By Victoria Irwin
Studies in the US have shown that among the most vulnerable populations, especially young African American women, group prenatal care can lead to as much as a 33% reduction in preterm births. Could the same be true for pregnant women in Rwanda?
A new East Africa Preterm Birth Initiative (PTBi-EA) study underway in Rwanda aims to determine exactly that. PTBi-EA is a project of the Maternal and Newborn Health Research Cooperative in the UCSF Institute for Global Health Sciences.
Preterm birth is the top cause of newborn deaths around the world. Approximately one in 10 babies is born prematurely each year, according to the World Health Organization (WHO), and almost 1 million of these infants die within the first months of life. Still others face lifelong struggles with health deficits and disabilities.
Working with the Rwanda Ministry of Health and researchers at the Rwanda Biomedical Center and University of Rwanda, the PTBi team settled on a trial to determine the effects on preterm birth of group antenatal (prenatal) care.
“Attendance at prenatal visits is low in Rwanda,” says Tiffany Lundeen, CNM, MSN, MA, a UCSF midwife and PTBi-EA’s advisor for group care implementation in Rwanda. “Only about 44 percent of Rwandan women meet the pre-2016 WHO recommendation of four prenatal healthcare visits.” (The WHO increased the recommended number of prenatal healthcare contacts to 8 in 2016.)
Lundeen and a Rwandan working group, including midwives, doctors and radiologists, laid out a plan to adapt the group care model that originated in the US to this East African nation.
“It’s very close to what’s done in the United States,” Lundeen says, “except our Rwanda colleagues felt only four total antenatal care visits were feasible – in the U.S., it’s usually 10 or more. And like US group care, the Rwanda study includes a reunion at the six-week postnatal visit.”
The concept of group prenatal care was developed in the 1990s by U.S. midwife Sharon Schindler Rising. In this model of care, women with low-risk pregnancies and similar due dates are assigned to a group of about 10 by their midwife or healthcare provider. After an initial one-on-one visit, the women return to the clinic together. They check their own blood pressure and weights, which are then reviewed by the midwife, who also examines each woman’s pregnancy and monitors them for complications. Afterward, the women gather for an hour-long meeting on pregnancy-related topics, such as nutrition and self-care. The midwife guides the discussion, but “ideally the group members educate as well as support each other,” Lundeen says.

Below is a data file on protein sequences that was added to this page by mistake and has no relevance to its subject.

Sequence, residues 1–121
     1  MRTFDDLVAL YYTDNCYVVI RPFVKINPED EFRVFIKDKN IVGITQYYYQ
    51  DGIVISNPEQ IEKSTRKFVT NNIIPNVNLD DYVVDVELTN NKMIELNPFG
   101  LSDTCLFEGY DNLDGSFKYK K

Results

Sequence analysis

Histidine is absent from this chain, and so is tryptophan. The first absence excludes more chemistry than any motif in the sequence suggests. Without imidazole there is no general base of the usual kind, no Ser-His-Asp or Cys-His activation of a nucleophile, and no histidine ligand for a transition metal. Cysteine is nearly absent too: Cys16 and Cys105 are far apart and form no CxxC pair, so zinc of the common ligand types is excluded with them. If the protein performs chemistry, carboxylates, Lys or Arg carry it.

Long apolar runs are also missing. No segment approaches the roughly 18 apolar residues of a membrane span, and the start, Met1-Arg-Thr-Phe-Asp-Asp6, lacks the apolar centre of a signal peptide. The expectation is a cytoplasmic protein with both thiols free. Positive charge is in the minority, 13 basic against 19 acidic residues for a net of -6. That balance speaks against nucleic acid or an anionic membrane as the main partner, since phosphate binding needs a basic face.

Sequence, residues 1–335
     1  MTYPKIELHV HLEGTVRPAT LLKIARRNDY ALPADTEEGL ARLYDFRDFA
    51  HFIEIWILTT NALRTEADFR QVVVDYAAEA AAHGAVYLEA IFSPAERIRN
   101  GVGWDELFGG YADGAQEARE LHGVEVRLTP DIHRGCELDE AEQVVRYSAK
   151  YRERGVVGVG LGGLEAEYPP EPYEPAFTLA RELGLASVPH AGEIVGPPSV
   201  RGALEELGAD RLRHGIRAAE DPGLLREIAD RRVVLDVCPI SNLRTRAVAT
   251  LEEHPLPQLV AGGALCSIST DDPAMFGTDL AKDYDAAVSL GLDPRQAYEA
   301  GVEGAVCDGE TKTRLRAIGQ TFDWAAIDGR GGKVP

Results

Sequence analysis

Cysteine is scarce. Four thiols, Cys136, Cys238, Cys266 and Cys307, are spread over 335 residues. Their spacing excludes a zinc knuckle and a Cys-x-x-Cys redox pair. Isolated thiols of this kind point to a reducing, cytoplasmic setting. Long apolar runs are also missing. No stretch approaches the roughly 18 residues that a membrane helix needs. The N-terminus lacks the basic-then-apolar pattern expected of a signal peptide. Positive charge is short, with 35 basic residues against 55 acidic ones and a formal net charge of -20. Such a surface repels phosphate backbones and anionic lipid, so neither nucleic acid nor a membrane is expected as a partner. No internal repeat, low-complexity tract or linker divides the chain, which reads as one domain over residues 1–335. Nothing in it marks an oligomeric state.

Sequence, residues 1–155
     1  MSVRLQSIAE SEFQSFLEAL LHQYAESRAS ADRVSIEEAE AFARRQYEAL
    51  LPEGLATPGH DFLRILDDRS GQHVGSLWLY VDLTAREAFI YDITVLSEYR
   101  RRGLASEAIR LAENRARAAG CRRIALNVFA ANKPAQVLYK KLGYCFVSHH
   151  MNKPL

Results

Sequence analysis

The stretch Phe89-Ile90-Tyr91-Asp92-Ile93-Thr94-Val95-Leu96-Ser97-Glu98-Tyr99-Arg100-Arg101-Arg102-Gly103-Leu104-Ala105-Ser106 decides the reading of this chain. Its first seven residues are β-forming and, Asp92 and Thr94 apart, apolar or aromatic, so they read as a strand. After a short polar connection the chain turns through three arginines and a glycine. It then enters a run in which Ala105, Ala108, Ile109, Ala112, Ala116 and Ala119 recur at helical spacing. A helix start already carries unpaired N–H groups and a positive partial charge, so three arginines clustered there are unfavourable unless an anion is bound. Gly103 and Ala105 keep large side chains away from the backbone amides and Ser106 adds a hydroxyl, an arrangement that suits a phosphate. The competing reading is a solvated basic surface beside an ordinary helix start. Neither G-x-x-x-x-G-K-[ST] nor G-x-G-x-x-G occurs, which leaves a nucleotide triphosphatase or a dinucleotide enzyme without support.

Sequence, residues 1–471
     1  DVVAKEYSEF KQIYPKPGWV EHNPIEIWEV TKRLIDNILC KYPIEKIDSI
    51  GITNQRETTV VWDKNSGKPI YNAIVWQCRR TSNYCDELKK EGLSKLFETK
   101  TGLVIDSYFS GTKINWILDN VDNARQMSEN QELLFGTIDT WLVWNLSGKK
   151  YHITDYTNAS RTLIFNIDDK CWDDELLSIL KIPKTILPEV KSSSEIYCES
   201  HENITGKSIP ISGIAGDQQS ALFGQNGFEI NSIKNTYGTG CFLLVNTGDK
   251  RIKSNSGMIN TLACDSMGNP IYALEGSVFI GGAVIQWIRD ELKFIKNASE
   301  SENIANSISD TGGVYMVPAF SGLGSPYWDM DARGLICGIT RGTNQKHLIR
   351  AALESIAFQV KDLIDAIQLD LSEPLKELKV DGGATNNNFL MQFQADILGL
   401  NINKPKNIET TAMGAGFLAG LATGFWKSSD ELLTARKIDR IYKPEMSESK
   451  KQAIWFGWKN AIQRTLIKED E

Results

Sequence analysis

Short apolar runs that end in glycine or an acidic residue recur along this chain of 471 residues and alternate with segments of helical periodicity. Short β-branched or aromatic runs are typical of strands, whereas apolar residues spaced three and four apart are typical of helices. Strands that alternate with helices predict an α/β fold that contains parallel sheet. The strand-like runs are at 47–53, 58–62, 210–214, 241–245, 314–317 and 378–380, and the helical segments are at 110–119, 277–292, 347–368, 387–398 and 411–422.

In addition to reducing the rate of premature birth, the US studies have found that women in group care report greater rates of attendance at prenatal visits and higher rates of satisfaction with their prenatal care.
For the Rwanda study, each group is co-facilitated by a nurse and a community health worker with a basic orientation in pregnancy, who stays with the group throughout the trial. “The community health workers help to ground the discussions at the level that the women want and need,” Lundeen says.
Field reports are full of anecdotal evidence that women are sharing themselves deeply in these groups. They are exchanging phone numbers and addresses and getting together socially. In some cases, they have pooled their money for emergencies and contributed to the layette for the poorest women in the group.
So far, 4,000 women have enrolled in the study, and group care was implemented for the first time June 19, 2017. About 7 percent of the cohort is age 19 or younger, consistent with the teen pregnancy rate in Rwanda.
Ultimately the study aims to recruit 11,000 women in 36 primary health centers across the country to take part in what is the largest cluster randomized control trial of group antenatal and postnatal care in the world. “That makes it really significant in what it will contribute to the global literature,” Lundeen notes. The trial will run through early 2019, with analysis expected by mid-2019.
While satisfaction among the mothers with the care and social support they receive will be measured, the primary outcome of the trial is the gestational age of the babies at birth. Will the preterm birth rate in the group care cohorts be lower than in the controls? And in cases of premature birth, will infants be more likely to survive because their mothers have higher levels of health literacy and empowerment?
“Our Rwandan partners always said if we have positive results in the trial, they are very interested in scaling group antenatal and postnatal care nationwide,” Lundeen says. “They’ve always said the model has to be sustainable – they really meant it – because once the trial ends, they want to be able to maintain it within their existing health care system.”
UCSF’s Preterm Birth Initiative (PTBi), a 10-year effort started in 2014 with funding from Lynne and Marc Benioff and the Bill and Melinda Gates Foundation, is at the forefront of research aimed at reducing preterm births in California and East Africa.